If you project the numbers that Bryce Harper put up in the pandemic-shortened 2020 season out to a full 162-game season, he would have homered 36 times. Mind you, those numbers were produced despite Harper spending at least half the season dealing with a back injury that left him unable to throw in the final days of last season.
So it’s fair to think that, if healthy, Harper could hit north of 40 home runs in 2021, something that he hasn’t done since his National League MVP season in 2015.
Philadelphia Phillies franchise icon Larry Bowa is especially bullish on the power output that could come from Harper in his third season in red pinstripes.
“He’s in great shape. I don’t like to put numbers on guys, but it would not shock me if he hit between 40 and 50 home runs this season,” Bowa said to Jim Salisbury and Corey Seidman on the Phillies Talk Podcast.
“I’ve never seen bat speed like this. I call him ‘The Freak.’ He has a chance to do some serious damage this year, barring injury. The ball just comes off his bat so differently than anyone else. It’s a loud sound right now.”
Harper, who is fully healthy, homered in his first at-bat in 2020 Grapefruit League play last week. Now 28, Harper has homered 48 times in his first 215 games with the Phillies. As he prepares for his 10th major league campaign, Harper has 232 career home runs.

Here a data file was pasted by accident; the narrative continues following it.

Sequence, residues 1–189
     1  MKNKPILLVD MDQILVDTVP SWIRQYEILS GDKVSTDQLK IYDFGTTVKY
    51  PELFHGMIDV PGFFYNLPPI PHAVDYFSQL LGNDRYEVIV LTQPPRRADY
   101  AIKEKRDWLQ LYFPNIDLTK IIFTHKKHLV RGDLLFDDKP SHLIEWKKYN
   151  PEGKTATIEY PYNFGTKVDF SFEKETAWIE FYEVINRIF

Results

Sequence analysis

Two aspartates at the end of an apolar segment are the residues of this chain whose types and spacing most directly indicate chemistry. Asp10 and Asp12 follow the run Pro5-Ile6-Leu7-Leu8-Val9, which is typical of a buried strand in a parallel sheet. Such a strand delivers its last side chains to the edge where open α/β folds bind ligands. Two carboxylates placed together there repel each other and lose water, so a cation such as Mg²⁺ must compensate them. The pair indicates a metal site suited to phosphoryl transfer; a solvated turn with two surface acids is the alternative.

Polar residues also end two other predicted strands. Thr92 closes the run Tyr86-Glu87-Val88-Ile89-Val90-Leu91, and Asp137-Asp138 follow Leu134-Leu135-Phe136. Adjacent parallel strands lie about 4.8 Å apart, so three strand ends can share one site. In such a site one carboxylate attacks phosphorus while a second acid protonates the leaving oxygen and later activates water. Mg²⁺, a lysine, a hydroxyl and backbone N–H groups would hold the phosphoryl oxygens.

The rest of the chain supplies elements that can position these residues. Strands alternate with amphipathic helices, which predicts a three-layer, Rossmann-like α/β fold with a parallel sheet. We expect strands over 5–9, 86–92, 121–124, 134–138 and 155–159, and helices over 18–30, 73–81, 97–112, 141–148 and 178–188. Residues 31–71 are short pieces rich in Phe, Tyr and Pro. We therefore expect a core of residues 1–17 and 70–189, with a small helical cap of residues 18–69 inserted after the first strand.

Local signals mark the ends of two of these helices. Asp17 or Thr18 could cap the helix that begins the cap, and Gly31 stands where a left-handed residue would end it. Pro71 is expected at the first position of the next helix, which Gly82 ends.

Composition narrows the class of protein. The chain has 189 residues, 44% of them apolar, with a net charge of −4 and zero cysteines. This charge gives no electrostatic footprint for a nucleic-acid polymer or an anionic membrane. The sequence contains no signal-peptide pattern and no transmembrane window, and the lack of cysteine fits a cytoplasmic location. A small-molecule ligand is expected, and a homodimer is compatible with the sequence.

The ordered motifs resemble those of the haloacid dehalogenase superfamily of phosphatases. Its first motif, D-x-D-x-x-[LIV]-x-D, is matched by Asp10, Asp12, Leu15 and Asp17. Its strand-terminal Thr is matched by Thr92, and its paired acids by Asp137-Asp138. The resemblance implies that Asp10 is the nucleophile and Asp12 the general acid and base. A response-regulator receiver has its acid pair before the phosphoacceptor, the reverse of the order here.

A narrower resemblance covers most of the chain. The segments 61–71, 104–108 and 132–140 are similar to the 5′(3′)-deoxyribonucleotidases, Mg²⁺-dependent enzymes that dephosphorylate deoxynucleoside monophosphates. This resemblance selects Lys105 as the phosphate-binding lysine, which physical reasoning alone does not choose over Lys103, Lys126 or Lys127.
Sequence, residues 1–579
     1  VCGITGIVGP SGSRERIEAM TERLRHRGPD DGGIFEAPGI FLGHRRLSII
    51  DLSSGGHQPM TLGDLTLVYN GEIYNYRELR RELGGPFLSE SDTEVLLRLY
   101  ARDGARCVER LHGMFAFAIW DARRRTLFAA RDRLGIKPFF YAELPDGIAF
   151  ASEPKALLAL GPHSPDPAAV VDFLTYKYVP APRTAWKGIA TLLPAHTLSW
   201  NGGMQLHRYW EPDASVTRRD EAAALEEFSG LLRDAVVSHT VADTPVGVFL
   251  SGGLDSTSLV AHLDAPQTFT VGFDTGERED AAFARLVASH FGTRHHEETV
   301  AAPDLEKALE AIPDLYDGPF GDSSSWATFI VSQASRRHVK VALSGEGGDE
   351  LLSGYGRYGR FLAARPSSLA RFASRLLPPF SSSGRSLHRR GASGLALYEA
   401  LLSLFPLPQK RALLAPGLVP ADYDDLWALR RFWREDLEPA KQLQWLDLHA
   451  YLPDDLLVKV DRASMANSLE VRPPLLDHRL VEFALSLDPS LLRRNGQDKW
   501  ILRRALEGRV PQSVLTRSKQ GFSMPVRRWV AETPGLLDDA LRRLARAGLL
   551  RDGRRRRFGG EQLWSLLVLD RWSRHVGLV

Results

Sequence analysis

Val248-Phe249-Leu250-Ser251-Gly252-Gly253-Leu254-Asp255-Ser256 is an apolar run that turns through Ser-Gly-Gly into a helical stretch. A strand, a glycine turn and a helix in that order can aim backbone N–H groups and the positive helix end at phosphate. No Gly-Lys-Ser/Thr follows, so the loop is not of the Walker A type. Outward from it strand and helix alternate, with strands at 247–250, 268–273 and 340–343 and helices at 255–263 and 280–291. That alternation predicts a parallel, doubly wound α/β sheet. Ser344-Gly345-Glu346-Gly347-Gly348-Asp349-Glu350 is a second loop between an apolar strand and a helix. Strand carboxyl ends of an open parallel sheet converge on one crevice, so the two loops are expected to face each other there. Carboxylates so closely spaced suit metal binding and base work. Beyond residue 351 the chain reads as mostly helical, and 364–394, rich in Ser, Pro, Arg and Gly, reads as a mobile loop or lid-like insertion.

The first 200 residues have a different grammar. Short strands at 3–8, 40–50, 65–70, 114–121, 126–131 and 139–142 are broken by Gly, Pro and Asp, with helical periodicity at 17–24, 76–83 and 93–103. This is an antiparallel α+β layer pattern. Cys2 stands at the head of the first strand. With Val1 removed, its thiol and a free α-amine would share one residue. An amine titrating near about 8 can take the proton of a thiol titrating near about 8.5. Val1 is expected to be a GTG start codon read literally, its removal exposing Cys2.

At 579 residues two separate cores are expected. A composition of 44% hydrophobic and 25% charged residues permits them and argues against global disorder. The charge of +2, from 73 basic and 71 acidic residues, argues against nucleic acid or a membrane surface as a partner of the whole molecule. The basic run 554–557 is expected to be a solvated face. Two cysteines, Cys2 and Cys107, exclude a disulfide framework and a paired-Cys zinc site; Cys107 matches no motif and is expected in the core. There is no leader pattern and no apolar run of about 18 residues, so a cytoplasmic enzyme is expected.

The last Phillie to hit 40 or more home runs in a single season was Ryan Howard, who did it four consecutive seasons from 2006-2009. Cy Williams, Chuck Klein, Mike Schmidt and Jim Thome – the final three of whom are enshrined in the Baseball Hall of Fame – are the only other Phillies to hit 40 or more home runs in one year. Howard, of course, is the lone player in franchise history to hit 50 home runs in a season, as he slugged 58 in 2006 en route to winning the National League MVP.
It should be noted that in three of the four years that Howard hit 40 or more home runs, the Phillies reached the playoffs. They didn’t in 2006, but they would have if there were two Wild Card spots at that time. So it’s fair to say that if Bowa’s prediction comes true, the Phillies may also snap a nine-year playoff drought.
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